On Leaving Iraq

Posted: December 16, 2011 in Uncategorized

It’s over, the Iraq war is. It may be more honest to say that it stopped. A war is never really over. It stays with a country, combatants, family members who lost loved ones, or had them returned in damaged condition. The aftermath of wars continues for years, decades, until it fades into history. And that continuing is not just in the minds of those living with it after their return. It’s not just carved into war monuments and left there. No, it continues because of the actual costs, losses and suffering endured because of it. It continues when thoughts about that war – its purpose and place – are conflicted, unresolved. It’s not over, it’s just stopped.

So what kind of thoughts and feelings do I experience right now? It’s a mixture, like most people.

On the one hand I would have to say that I am relieved. I’m glad that many of our troops may be home by Christmas or shortly thereafter. I rejoice for the reunions that will be.

I carry sorrow for over 5,000 troops lost and over 100,000 Iraqis lost. I sorrow for those severely disabled in body or mind because of their service. I sorrow.

I hope for the best in Iraq but know that they will have to find and develop their own solutions internally. There are problems that are unfixable by outsiders. So it will be.

I am glad that the colossal outlay of expense – spread over eight years – will come to a close. It contributed to enormous financial strain on our economy.

I never did, nor do I now, consider this a just or justifiable war. We were led into it with false pretenses and misleading intelligence. There were no weapons of mass destruction. Saddam and his totalitarian regime, though horrific, was not involved in terrorist activity toward our country. It was Saudis, not Iraqis, who piloted those planes into the twin towers and the Pentagon. Saddam would not countenance any challenge to his power or control – that especially included AlQaeda. Saddam was also a foil against Iran, cranky neighbors mollifying each others power in the region.

George Bush, Sr., decided not to beat the Iraqis all the way to Baghdad for a clear and simple reason which he articulated – because it would lead to occupation and occupation is a bad idea. Containment is one thing, occupation another. He chose the right course.

The war in Iraq did not end with the beginning shock and awe of American technological might. That was only the beginning. And it led, inevitably, to messy occupation, civil war among tribes, and the destabilization of the country. Because Iraq allowed for religious freedom under Saddam, Christians co-existed with Muslim neighbors without fear. After the invasion Christians became targeted as pro-Western. With churches bombed and businesses destroyed, Christians went into exile. Up to two-thirds of them fled to adjoining countries.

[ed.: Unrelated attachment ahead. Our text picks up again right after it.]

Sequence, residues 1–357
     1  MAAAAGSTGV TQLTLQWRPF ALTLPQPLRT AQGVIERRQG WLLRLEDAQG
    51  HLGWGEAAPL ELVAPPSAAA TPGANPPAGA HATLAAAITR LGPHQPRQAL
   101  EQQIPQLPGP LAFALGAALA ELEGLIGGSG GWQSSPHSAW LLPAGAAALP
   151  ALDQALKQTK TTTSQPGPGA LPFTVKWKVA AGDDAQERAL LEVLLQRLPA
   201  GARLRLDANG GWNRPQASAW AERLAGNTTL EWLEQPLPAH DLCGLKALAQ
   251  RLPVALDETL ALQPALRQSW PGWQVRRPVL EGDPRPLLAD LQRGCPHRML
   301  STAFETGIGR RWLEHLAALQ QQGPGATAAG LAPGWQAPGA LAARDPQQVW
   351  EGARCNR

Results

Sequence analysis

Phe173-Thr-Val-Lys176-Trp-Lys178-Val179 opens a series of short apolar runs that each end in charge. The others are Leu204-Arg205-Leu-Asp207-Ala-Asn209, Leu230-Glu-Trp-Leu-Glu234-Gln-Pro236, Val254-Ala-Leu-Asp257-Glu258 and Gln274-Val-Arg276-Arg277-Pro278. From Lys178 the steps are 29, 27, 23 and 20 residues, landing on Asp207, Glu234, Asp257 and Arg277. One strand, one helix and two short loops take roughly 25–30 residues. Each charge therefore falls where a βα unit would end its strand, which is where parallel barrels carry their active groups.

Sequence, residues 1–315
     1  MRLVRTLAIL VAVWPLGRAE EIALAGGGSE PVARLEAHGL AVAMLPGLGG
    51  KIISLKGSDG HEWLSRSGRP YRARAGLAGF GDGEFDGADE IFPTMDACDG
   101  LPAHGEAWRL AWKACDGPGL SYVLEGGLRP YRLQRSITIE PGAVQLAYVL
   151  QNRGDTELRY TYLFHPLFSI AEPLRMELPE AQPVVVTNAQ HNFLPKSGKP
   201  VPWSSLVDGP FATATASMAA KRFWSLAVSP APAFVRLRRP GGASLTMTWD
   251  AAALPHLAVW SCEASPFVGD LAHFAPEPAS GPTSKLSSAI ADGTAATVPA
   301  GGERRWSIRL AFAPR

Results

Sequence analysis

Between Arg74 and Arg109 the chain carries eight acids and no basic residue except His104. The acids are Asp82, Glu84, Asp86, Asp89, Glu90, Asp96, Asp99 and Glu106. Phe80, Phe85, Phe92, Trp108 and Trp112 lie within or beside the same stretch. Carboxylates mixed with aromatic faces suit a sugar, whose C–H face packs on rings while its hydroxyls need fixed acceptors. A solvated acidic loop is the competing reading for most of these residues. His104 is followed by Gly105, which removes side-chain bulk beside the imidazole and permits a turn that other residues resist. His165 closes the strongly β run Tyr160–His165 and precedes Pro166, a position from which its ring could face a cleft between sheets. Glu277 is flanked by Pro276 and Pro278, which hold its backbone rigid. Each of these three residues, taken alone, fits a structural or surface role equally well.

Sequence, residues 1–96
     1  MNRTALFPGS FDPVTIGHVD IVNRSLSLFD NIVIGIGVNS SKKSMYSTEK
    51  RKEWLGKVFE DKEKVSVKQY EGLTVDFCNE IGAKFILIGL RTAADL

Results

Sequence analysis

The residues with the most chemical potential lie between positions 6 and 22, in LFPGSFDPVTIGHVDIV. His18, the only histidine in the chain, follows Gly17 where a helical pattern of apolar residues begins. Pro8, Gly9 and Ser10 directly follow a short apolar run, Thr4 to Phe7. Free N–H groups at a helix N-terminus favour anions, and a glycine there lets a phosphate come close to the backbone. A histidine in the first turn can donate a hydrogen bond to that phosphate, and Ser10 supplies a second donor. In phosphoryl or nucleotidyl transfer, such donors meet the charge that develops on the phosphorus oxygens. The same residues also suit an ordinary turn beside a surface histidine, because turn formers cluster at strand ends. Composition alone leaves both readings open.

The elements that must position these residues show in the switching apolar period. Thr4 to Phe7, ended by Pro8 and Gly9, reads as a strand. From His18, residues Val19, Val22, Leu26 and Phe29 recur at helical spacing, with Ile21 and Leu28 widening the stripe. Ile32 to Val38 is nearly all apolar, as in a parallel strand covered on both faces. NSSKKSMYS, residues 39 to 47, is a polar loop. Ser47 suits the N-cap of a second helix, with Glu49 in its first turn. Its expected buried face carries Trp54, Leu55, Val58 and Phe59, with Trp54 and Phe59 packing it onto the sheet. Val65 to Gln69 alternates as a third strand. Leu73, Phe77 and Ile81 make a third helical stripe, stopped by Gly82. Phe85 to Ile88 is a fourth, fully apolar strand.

As a parallel to concerns about Iraq I consider our involvement in Afghanistan with the same concern and questions. The former lessons learned by the British and the Soviets were not learned by us, not yet. We will not, in the end, dominate that rugged, doggedly independent berg in the world. We will break ourselves on those mountains and caves. And in the end, we will leave, like so many others. We can’t control everything.

What are the lessons learned? There are many, if we will learn.

First of all we should never speak in a cavalier way about going to war, taking up arms or putting boots on the ground on foreign soil. Are there reasons to take up arms, to engage an enemy, to defend oneself, to even be proactive against enemies before they strike? Because I am not a pure pacifist, but a realist about human nature and its inclination to evil, I answer that yes, there are times to do so. But they should be rare, last resorts, proportional to the threat at hand, excluding civilians from suffering … all of the just war principles. Iraq did not satisfy those requirements, but I think we should try. And from a very self-serving point of view, we should spare ourselves unnecessary suffering and harm to military personnel that we all too easily put in harm’s way.

I actually hear politicos in certain quarters speaking of tromping into Iran in the same kind of way, a repeat performance of Iraq. They talk casually about this, with some excitement for a new enterprise. One war over requires a new conquest. How dangerous and destructive this thinking is.

Yes, the Iraq chapter is drawing to a close. I am happy for that. I remain unhappy that it ever happened. And I pray, really pray, that we do not enter another quagmire in the near or distant future.

  1. Menina says:

    Our own War Between the States is still a witness to what you say: just travel through the South and notice the Confederate flags. So many better options than war are usually out there (and too often ignored). And every casualty of war leaves grieving, angry, and sometimes revenge-seeking brothers, sisters, fathers, mothers, wives and children. So the tragic consequences grow rather than diminish.
    Your prayers are mine as well.

  2. Vera Rowell says:


Leave a Reply

Fill in your details below or click an icon to log in:

WordPress.com Logo

You are commenting using your WordPress.com account. Log Out /  Change )

Facebook photo

You are commenting using your Facebook account. Log Out /  Change )

Connecting to %s